Man sentenced to life in prison for Santee shooting

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The man who shot Leticia Arroyo to death in her Santee home was sentenced Nov. 9 to life in prison without the possibility of parole.

About 20 friends and family of Arroyo, 34, were present at the sentencing of Jose Nunez Torres, 23, who was also given a consecutive term of 24 years and eight months for other crimes.

Her mother, sister, grandmother and uncle spoke about their loss in the Oct. 4, 2016, slaying.

“What really upsets me is he never showed any remorse,” said Rosanna Reyes, who is Arroyo’s mother.

The man who shot Leticia Arroyo to death in her Santee home was sentenced Nov. 9 to life in prison without the possibility of parole.

About 20 friends and family of Arroyo, 34, were present at the sentencing of Jose Nunez Torres, 23, who was also given a consecutive term of 24 years and eight months for other crimes.

Her mother, sister, grandmother and uncle spoke about their loss in the Oct. 4, 2016, slaying.

“What really upsets me is he never showed any remorse,” said Rosanna Reyes, who is Arroyo’s mother.

El Cajon Superior Court Judge Evan Kirvin also imposed another consecutive sentence of 25 years to life for Torres using a gun in the homicide.

Torres was found guilty Sept. 14 of first-degree murder of Arroyo and the special circumstances of murder during a robbery, a burglary and while lying in wait.

Torres texted the words “I’m outside” to Arroyo minutes before he came inside her Mission Greens Road home. Torres took four methamphetamine baggies from Arroyo before he fled.

Also sentenced was Gustavo Ceron, 27, who received five years in prison for committing an armed robbery with Torres in La Jolla.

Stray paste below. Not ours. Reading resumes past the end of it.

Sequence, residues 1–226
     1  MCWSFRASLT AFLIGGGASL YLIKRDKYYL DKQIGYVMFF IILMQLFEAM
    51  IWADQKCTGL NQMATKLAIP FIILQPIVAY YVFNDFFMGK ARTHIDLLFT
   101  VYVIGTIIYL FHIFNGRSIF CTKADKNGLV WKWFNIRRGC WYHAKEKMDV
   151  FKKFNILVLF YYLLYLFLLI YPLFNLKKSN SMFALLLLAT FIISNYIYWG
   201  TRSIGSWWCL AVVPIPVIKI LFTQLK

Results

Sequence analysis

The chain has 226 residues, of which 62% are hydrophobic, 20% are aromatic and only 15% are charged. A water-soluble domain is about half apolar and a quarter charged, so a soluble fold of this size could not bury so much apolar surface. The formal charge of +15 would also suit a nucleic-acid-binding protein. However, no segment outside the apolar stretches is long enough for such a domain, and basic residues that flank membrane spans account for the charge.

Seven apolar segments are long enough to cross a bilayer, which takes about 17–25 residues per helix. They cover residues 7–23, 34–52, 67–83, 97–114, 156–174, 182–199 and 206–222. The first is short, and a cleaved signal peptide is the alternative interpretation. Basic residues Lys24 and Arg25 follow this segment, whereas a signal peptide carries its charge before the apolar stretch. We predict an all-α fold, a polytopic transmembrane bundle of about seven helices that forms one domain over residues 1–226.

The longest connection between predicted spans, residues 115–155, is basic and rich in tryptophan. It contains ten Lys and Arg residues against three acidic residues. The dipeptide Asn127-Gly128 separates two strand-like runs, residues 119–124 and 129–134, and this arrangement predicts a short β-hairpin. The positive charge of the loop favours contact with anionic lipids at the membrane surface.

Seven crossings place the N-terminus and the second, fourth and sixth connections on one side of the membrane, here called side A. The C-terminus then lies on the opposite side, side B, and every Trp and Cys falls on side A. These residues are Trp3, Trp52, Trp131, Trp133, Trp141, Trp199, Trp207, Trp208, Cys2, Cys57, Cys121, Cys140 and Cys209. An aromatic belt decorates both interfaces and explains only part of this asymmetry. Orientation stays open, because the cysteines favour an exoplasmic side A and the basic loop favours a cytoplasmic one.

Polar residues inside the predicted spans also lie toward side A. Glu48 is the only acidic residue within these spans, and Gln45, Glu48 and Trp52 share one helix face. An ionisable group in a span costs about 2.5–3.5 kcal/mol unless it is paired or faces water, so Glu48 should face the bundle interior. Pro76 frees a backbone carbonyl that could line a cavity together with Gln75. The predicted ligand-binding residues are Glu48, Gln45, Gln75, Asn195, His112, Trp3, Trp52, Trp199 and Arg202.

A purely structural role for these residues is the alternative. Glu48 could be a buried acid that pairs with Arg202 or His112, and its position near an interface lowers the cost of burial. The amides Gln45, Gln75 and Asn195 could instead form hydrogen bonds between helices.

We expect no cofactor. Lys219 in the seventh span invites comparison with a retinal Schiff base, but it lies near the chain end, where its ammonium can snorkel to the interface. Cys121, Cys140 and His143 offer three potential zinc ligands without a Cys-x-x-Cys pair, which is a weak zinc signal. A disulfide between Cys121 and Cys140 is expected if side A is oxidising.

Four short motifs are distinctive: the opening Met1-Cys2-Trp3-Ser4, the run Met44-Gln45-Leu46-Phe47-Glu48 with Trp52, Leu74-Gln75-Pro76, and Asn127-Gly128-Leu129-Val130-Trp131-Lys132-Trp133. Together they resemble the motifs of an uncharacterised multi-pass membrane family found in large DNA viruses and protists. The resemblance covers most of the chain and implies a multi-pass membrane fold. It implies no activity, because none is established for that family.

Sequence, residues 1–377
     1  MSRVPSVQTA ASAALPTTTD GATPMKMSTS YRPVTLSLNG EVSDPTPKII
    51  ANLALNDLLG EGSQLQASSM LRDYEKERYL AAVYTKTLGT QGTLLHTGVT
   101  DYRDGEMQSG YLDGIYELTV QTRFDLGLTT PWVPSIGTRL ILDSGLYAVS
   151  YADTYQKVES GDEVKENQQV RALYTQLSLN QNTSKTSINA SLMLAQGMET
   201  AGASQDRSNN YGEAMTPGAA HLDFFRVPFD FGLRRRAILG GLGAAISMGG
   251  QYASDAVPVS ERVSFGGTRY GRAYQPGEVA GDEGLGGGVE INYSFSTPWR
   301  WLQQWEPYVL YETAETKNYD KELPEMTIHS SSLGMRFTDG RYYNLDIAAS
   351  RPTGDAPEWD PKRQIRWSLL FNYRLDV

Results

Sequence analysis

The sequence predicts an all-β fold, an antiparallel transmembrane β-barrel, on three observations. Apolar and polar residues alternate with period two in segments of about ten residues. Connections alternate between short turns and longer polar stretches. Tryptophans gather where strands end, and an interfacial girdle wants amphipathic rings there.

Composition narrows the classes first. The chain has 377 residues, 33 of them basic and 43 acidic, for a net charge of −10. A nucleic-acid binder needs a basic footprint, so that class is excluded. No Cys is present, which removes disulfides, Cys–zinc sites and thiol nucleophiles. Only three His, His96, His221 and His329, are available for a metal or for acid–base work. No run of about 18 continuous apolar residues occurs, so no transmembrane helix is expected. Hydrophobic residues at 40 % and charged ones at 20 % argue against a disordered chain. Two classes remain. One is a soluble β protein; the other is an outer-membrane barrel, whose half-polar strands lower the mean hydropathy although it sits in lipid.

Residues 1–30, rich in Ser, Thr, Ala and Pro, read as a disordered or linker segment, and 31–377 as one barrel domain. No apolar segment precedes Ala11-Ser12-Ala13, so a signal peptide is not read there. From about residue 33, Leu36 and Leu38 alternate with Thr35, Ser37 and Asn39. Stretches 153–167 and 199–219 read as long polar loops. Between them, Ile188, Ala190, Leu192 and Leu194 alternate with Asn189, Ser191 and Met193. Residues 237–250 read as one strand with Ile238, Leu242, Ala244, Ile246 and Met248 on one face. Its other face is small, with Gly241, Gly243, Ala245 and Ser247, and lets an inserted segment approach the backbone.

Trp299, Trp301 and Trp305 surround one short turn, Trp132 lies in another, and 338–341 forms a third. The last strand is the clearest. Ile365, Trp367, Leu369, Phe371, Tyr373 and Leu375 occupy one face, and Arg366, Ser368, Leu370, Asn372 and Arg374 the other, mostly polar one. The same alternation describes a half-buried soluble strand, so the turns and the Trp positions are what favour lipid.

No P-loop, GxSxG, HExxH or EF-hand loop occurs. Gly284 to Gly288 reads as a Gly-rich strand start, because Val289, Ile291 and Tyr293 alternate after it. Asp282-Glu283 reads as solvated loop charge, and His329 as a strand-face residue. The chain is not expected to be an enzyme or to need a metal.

The 23-year-old getaway driver, whose name is being withheld due to safety concerns, was sentenced Nov. 9 to one year in jail. He was placed on three years probation after he pleaded guilty to being an accessory after the fact and testified at the trial.

“He told the truth 100 percent,” said the driver’s attorney, Gloria Collins. “He did the right thing.”

The sheriff’s department said the driver will be released from jail on Feb. 13, 2019. Kirvin gave him credit for serving 173 days in jail and fined him $1,374.

Deputy District Attorney James Koerber told the judge that prison was not warranted for the driver who provided “substantial assistance” in testifying at the trial.

The driver was first arrested Aug. 15, but he claimed he did not know a murder had occurred. He told sheriff’s deputies about Torres’ actions that night.

Koerber said the driver’s role in the crime took up “less than an hour.” The driver said he only drove Torres to Santee because Torres promised him some drugs.

Collins sought the driver’s immediate release and said he had no prior record. She unsuccessfully asked for the accessory charge to be reduced to a misdemeanor, but it may be reduced in 18 months if he is successful on probation.

Torres accumulated 757 days in jail since his arrest, but he will not get credit for serving them because his sentence is life without parole.

Torres was ordered to pay $4,250 to two people whose cars were stolen and damaged. He was fined $11,518.

Ceron was not involved in the homicide and he testified against Torres in the trial regarding the La Jolla robbery.

Koerber told the judge Ceron “helped this jury understand” the crimes committed by Torres. Koerber said Ceron was truthful and had only met Torres a day before Robert Hill was robbed on Oct. 12, 2016.

Ceron was given credit of already serving 747 days in jail, so the two years in custody will be deducted from his 5-year term. Kirvin fined him $1,724.

“I’m very sorry for what happened to your daughter,” said Ceron to the victim’s mother.

Reyes told Kirvin she was thankful that Ceron decided to testify against Torres and that he showed remorse. She said she would pray for him.

Ceron pleaded guilty to armed robbery of Hill. The judge imposed four years for the hold-up plus one year for using a gun.

“He decided he wanted to help,” said Ceron’s attorney, Andrew Flores, who said “he accepted responsibility.”

Torres declined to talk to a probation officer who was preparing a sentencing report. He dropped out of school in the 10th grade and had previously worked in restaurants, the report said.

Torres will appeal his convictions.

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